“The Ballad of Allyn-a-Dale”s Launch Week+ is nearing its end! Only this post and one last Kiss & Tell interview to go, at which time I’ll announce the winners of my Rafflecopter giveaway. So if you want your best chance at one of the prizes on offer (including a Merry Men-signed map of Avalon Faire, a tote bag from my Society6 store, a paperback copy of Tirzah Duncan’s “Grace the Mace”, or a one-of-a-kind bookmark), you’ll get those entries in before Friday!
Now, onto today’s hurrah. As I certainly hope you all know by now, “Ballad” is a book, not a movie. And while I’ll take a book over a movie 9 days out of 10, there is one advantage that filmed media have over the printed word:
I mean, just imagine how funny it would be to have cut footage of the Merry Men ‘n’ ‘em goofing up their performance of the story!
Or, wait a minute… We totally CAN imagine that! So hey, for today’s post, what say we all just suspend our disbelief for a moment and see what happens “on set”…
Overture, Take 1
Marion’s full lips turned downward in disapproval. The place had been closed to guests for hours. All nonresidents should have been long gone, not loitering around the Faire, and certainly not wandering so deep into Sherwood.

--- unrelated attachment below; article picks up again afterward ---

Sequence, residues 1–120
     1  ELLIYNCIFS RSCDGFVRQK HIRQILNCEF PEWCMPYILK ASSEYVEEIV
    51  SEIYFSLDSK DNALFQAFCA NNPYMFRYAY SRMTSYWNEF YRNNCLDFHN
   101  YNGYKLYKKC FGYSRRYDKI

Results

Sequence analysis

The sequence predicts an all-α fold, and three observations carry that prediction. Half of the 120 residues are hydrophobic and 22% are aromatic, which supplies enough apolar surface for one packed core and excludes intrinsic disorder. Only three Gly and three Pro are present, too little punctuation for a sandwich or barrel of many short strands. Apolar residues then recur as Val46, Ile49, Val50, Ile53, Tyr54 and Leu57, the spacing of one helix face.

Taking hold of the knife at her hip, she moved away from her half-concealed position and made her presence known.
“Make no sudden movements, please,” she requested, polite but firm, and silently struggling to remove the knife from its sheath. Blast the props department — why wouldn’t the wretched blade come loose? The young man — not yet out of his teens, at first guess — obediently froze.
“Thank you,” Marion said — and, giving up the lost cause of drawing the knife, improvised, “And so you know, I can menace you just as well with my bare hands and razor wit, so take care.”
Quoth the young man, distinctly over-solemn, “No doubt.”
The sniggering author called, “Cut!”
Stanza Three, Take 4
“Aquinore,” the cold one said, moving in the blink of an eye to loom over Allyn-a-Dale. “Wind of the North.” He held out a hand which Allyn did not dare refuse to meet, even though, in the excruciating seconds before the mutual touch was over, he feared with a musician’s panic that his own hand was in danger of freezing right off.
“Austeryn.” The mist-mantled wind gusted smoothly up next. “Wind of the South.” When this touch of greeting ended, to Allyn’s profound relief, his hand felt a little thawed, albeit a great deal wetter.
“Cut!” cried the author. “Euroval, I told you: Just the hand-clasp, right now. We have to add the lightning and thunder in edits, or you’ll blow out the cameras and mics!”